About functions in fractional Sobolev spaces $W^{s,p}(\mathbb{R})$ and $\lim_{x\rightarrow a^{+}}\int_{a}^{x}\frac{f(y)}{(x-y)^{s}}dy=0$

Let $$1\leq p<+\infty$$, $$0 and $$f\in W^{s,p}\left(\mathbb{R}\right)$$, where $$W^{s,p}\left(\mathbb{R}\right):=\left\{ u\in L^{p}\left(\mathbb{R}\right):\frac{\left|u\left(x\right)-u\left(y\right)\right|}{\left|x-y\right|^{\frac{1}{p}+s}}\in L^{p}\left(\mathbb{R}\times\mathbb{R}\right)\right\}.$$ Furthermore, fix $$[a,b]\subset\mathbb{R}$$. I would like to prove, if possible, that $$\lim_{x\rightarrow a^{+}}\int_{a}^{x}\frac{f\left(y\right)}{\left(x-y\right)^{s}}dy=0\tag{1}$$ without any other assumption on $$p$$. For example, it is quite simple to prove that $$(1)$$ holds if $$p^{*}<\frac{1}{s}$$, where $$p^{*}$$ is the Hölder conjugate of $$p$$, but this results holds for a generic $$f\in L^{p}(\mathbb{R})$$. I tried some manipulations to exploit the convergence of the double integral, for example writing $$\frac{1}{\left(x-y\right)^{s}}=\frac{\Gamma\left(1-\alpha\right)}{\Gamma\left(s\right)\Gamma\left(1-\alpha-s\right)}\int_{y}^{x}\frac{1}{\left(t-y\right)^{s+\alpha}}\frac{1}{(x-t)^{1-\alpha}}dt$$ for some $$\alpha$$ but, again, in the end I had to assume the condition on $$p^*$$. If my idea was wrong, I would appreciate an explicit counterexample. Thank you.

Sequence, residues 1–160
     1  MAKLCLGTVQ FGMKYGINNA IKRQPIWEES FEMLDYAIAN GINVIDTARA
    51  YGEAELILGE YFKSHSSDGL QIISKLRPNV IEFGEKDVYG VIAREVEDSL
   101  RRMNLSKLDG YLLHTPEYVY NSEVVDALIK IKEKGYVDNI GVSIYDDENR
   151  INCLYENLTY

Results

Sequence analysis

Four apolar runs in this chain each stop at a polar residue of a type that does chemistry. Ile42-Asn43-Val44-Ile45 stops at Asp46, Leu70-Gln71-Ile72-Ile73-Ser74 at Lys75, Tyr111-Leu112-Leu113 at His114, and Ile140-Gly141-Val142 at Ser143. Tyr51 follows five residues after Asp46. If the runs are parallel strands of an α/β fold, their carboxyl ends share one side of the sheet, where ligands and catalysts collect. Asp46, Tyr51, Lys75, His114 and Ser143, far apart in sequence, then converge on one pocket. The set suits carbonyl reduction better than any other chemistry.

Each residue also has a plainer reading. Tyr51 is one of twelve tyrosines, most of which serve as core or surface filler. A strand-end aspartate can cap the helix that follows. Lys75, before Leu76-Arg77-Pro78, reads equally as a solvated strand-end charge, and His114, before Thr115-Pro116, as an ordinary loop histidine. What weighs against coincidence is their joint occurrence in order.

1 Answer

Yes, this is true at least when $$1. By Hölder's inequality $$I_x = \int_a^x \frac{f(y)}{|x-y|^s}\,\mathrm d y \leq \|f\|_{L^q} \,\varepsilon(x-a)$$ where $$\varepsilon(z)\underset{z\to 0}{\to} 0$$ as soon as $$s \,q' < 1$$ ($$q'$$ is the Hölder conjugate), that is as soon as $$0\leq \frac{1}{q}<1-s$$. In particular, one can take $$\frac{1}{q} = \frac{1}{p} - s$$ (or $$q=\infty$$ if $$sp>1$$), so that by Sobolev's inequality, $$\|f\|_{L^q} \leq C\, \|f\|_{W^{s,p}}$$.

• No, I did not assume anything on $p$ ... I am just doing Hölder's inequality with $q = p/(1-sp)$ and then use Sobolev embedding. I can give more details but I need to know which part is unclear then? Jan 31 at 19:18
• If $f\in W^{s,p}$ then it is justified to use $\|f\|_{L^q}$ by Sobolev inequalties ... If $p=1/s$, this is the critical case in Sobolev embeddings, you can always take any other $q\geq p$ such that $\frac{1}{p}-s = 0 <\frac{1}{q} < 1-s$. Jan 31 at 21:56
• Wait, the Sobolev inequality holds for $f$ with compact support, what happen if $f$ does not have compact support? See theorem 6.5 of arxiv.org/pdf/1104.4345.pdf
– User
Feb 1 at 8:50
• This is not a good reference, just sn introduction. Sobolev inequalities work for functions converging to $0$ at infinity such as $L^p$ functions. See Feb 1 at 8:57
• Can you give me a reference?
– User
Feb 1 at 9:01